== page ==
(Joshua S. Kelly-USA TODAY Sports)
By Ron Aiken, GamecockCentral.com
Patience and football aren't best friends. As a sport, football is a game of instant gratification for coaches, players and fans. It deals in the immediate, the measurable, the concrete - plays, tackles, wins, losses.
For those waiting to get on the field, however, the view is much, much different. Waiting is difficult. Waiting is a challenge. Waiting is the last thing a player wants to do.
As part of a heralded group of incoming linebackers, Larenz Bryant bona fides are stout - Shrine Bowl, U.S. Army All-American Bowl, four stars, rated the No. 4 inside linebacker in the country. Physically, he's gifted. Playing both linebacker and running back his senior year, he rushed for 1,694 yards and 21 touchdowns while recording 86 tackles and returning three of his four interceptions for touchdowns.
All that, of course, is meaningless when a player steps on a college campus and joins a team full of guys with similarly impressive credentials. For Bryant, he's watched as fellow freshmen Skai Moore (16 tackles) and Jonathan Walton (three tackles) have seen the field and contributed. Having appeared in just one game, Vanderbilt, Bryant's 2013 line is modest: one tackle, one quarterback hurry.
Bryant didn't play in Orlando, but based on the disappointing performance of the linebackers and encouragement from the coaches, he hopes those numbers will grow with his playing time.
Bryant moved to the Spur linebacker position three weeks ago after practicing at Will (weakside) all camp in a move coaches hope will bring size (6-foot, 220 pounds) and speed to the position. Bryant hopes the transition - and the waiting - will pay off.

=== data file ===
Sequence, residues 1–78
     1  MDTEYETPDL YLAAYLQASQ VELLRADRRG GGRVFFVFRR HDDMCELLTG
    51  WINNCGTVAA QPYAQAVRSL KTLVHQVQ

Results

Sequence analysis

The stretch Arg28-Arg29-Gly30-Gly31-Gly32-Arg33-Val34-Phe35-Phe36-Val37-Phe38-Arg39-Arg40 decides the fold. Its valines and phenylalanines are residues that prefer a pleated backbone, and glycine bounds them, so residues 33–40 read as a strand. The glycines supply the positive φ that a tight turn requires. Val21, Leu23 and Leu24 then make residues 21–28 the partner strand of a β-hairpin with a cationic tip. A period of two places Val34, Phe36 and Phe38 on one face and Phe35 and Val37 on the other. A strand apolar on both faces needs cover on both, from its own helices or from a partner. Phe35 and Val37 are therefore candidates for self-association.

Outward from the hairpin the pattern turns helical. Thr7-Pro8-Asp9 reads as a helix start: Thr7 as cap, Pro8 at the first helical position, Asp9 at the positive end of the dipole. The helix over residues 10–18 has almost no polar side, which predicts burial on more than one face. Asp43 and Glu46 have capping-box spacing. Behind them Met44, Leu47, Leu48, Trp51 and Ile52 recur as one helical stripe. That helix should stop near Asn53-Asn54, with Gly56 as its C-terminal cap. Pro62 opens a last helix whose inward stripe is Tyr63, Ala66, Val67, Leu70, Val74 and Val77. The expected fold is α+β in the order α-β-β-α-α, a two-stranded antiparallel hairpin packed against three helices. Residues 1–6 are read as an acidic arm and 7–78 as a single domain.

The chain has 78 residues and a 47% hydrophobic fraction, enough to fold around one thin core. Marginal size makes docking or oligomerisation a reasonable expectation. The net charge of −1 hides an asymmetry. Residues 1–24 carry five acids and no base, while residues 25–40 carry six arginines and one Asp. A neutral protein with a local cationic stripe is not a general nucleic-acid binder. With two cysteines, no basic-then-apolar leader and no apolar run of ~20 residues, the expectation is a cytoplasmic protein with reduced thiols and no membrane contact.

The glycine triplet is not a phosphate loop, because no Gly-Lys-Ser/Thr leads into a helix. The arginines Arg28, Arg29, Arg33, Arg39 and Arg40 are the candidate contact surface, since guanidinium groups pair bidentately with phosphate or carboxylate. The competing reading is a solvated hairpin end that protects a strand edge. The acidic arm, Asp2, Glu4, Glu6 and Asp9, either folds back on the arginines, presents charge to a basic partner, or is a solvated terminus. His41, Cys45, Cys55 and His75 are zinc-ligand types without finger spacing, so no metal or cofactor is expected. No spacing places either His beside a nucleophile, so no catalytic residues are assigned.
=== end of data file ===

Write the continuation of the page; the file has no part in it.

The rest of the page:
"It's moving slow right now," Bryant said. "I'm still trying to learn the plays and trying to find my spot.
"(Spur is) a lot of moving, a lot of pass covering. You get to guard the receivers and you still have to be able to come up and tackle, just like the Will does. I like the position better than Will because I can show my athleticism."
Bryant's feedback from the coaches is as simple as it is frustrating: be patient.
"They're telling me to stay in the playbook right now," Bryant said. "I'm not really getting that much reps with the older guys (redshirt freshman Jordan Diggs and junior Sharrod Golightly) getting most of the reps, but stay in the playbook and get my reps in practice."
As to whether he's able to contribute this year as he hopes or next, even Bryant isn't sure.
"It's hard to say right now," Bryant said. "Golightly and Diggs are doing well, so I don't really know. I'm just going to keep going."
His limited playing experience against the Commodores was eye-opening, Bryant said.
"It was good, my first time playing on defense," Bryant said. "I had fun. I missed a few assignments and then I went down after that. But I played fast, showed my strength and went to the ball fast."
For now, Bryant is exercising patience - the opposite of the speed he likes to flash on the field.
"I just cheer my teammates, Golightly and Diggs," Bryant said. "When coach (Botkin) is talking to them, I'm around, listening to what they did wrong and right. When I go out there and get my time, I'll be able to go out and know what I'm doing.
I just keep my head up in practice. I'm not used to being on the sideline, on the bench. But I listen to (Golightly and Diggs) in practice and in games, so that's the upside."